No, I’m not quoting Elton John, Sugar Bear. I really almost died yesterday evening, miles from home in some corn field in Iowa. For real. And I’ve re-learned that every moment is precious.
The quick scoop: Patty and I were visiting kids and grandkids in Kansas City the last few days and started home yesterday afternoon. Drove several hours, noticed my eyes were starting to itch. Happens often due to allergies. I pulled into a gas station, got my eye drops and took allergy medicine. Fixed. I thought. Me. Doctor William Norman Boggs. No, I’m not a doctor but I have played one on stage.
In the next ten minutes, both my eyes had swollen shut. Looked like I’d gone a few rounds with Rocky Balboa. Yep, “Cut me, Patty. Cut me.”
My tongue and throat were also swelling. That never happened before. Getting hard to breathe and swallow. Patty begins lobbying hard for an emergency room. Me and my misguided manliness say no.
Another ten minutes. I’m very ready for an emergency room and getting scared. Breathing much more difficult.
Small hospital ER in Newton, Iowa. A team jumped right on it, quickly deciding to insert a breathing tube; my throat had nearly swollen shut and I would soon suffocate. They couldn’t get the tube in with me awake (tried it…awful!); couldn’t put me under per usual procedure for fear of losing me. Dr. Bina and her team were excellent.
They called a helicopter ambulance to take me to Des Moines. I had enough strength to tell the top-notch flight nurses Mackenzie and Ashley, since I was a Marine I couldn’t possibly go with their Army pilot. Oh alright. I love helicopters, if I felt better I would have begged to fly the thing. “Let’s fly, Dogface,” said the Jarhead. Off-kilter sense of humor is the last to go. And thanks Mackenzie and Ashley for your great help last night.
Mercy Medical Center Des Moines. IVs in both arms. Oxygen on. Multiple meds inserted in every way. Can’t swallow. Panic increasing.
Slowly the symptoms began to subside. Throat a raw mess from the earlier attempts at inserting a breathing tube. Could barely talk.
The doctors told me I didn’t experience an allergic reaction at all, but something called angioedema, “an abnormal reaction of the immune system to a medication.”
I said, “you mean it had nothing to with eating four grasshoppers, two plain and two with chipotle seasoning, to entertain my grandkids the other night? Or the bee pollen I added into my Whole Foods Silly Rabbit smoothie this morning?” I never tried bee pollen before, I got it to impress my son Brad and Patty with my hipster coolness. By now the doctors were staring at Patty as if to ask, “Okay, great, he’s drunk too?”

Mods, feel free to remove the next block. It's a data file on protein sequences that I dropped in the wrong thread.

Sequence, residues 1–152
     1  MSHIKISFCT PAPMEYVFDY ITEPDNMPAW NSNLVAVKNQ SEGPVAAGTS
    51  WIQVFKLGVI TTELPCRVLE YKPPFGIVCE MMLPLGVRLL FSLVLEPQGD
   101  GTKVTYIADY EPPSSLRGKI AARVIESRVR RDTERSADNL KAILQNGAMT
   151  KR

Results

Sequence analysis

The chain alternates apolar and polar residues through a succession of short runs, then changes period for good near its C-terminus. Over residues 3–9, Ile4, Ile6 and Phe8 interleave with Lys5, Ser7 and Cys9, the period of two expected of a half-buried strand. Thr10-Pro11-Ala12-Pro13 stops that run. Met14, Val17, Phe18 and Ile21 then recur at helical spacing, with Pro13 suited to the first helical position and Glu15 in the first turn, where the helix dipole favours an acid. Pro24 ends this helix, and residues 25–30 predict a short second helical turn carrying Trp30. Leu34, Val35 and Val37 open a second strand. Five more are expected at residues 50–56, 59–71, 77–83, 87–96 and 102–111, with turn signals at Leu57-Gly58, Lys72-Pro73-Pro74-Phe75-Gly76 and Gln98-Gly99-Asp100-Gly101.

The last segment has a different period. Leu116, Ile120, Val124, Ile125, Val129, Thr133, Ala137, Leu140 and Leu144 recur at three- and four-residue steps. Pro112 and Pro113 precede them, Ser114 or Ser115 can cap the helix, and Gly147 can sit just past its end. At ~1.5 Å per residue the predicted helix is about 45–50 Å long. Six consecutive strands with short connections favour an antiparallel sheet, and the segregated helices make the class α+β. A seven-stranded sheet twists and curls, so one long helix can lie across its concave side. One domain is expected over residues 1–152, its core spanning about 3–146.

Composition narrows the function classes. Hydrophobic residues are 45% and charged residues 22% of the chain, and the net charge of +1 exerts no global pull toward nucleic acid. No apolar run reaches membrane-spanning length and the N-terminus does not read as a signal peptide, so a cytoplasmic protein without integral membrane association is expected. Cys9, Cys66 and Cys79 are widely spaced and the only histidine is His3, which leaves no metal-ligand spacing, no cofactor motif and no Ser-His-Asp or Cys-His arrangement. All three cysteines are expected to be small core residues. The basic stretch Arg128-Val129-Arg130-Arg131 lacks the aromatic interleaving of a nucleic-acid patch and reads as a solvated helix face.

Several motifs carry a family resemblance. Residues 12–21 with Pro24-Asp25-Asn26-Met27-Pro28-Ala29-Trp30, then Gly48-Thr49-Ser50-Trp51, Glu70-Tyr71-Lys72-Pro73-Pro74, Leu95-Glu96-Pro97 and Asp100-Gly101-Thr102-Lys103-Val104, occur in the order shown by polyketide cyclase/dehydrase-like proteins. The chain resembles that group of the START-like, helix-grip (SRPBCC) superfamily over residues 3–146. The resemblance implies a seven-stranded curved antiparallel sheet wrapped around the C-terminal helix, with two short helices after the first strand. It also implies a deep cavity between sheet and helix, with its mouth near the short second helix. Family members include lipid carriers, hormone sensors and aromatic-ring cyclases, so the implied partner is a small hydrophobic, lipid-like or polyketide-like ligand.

Nope. It was a reaction to a blood pressure medicine I’ve taken for some 30 years. The doctor said it happens often. Wow.
So, here on Christmas Eve Eve, I’m lounging in the Mercy Medical Center Des Moines Intensive Care Unit with Patty Kelly Boggs, Lifesaver (in an early conversation alone with Patty’s mom, she was telling me Patty tales. She described Patty’s work as a swimming instructor and lifeguard at the Galena pool when a high-schooler. Mrs. Kelly said, “Patty was a real lifesaver.” Yes, she is, Mrs. Kelly.
Symptoms gone now. Feeling pretty good. Doc said since it was life threatening and it has a tendency to suddenly return, I have to stay until tomorrow. Whoopee! I want to offer special thanks to my excellent nurses Jackie and Emily at Mercy Medical.
Had to cancel plans for Kelly and Boggs family gatherings today, Christmas Eve and Christmas Day. Tears in my eyes but a small price to pay.
Patty wholeheartedly hung in there with me and for me. A fierce advocate, standing up to my reluctance to get help. She saved my life last night indeed.
The ER doctor, Dr. Kimberly Bina, said to Patty, “you know you saved his life tonight by bringing him in here.” Patty’s response to her was typical, “I’m pretty sure you did that.” No words can express my gratitude to Patty and that little ER staff in an Iowa town of 15,000.
And I’m amazed at how quickly things can change. Absolutely my goofy grasshopper-eating self at noon, and about to die by suffocation at 5. Every moment is precious.
You know, dying in a corn field in Iowa just didn’t suit me anyway (or my God and my wife either, apparently). Nope. I have to go attempting some Evel Knievel stunt. Or at least on my unicycle. Or getting trampled by a well-meaning herd of bison. Or eaten by a shark off Maui. Or in a second go at a Demolition Derby. You know. Something important. Yet, I’m alive and thankful.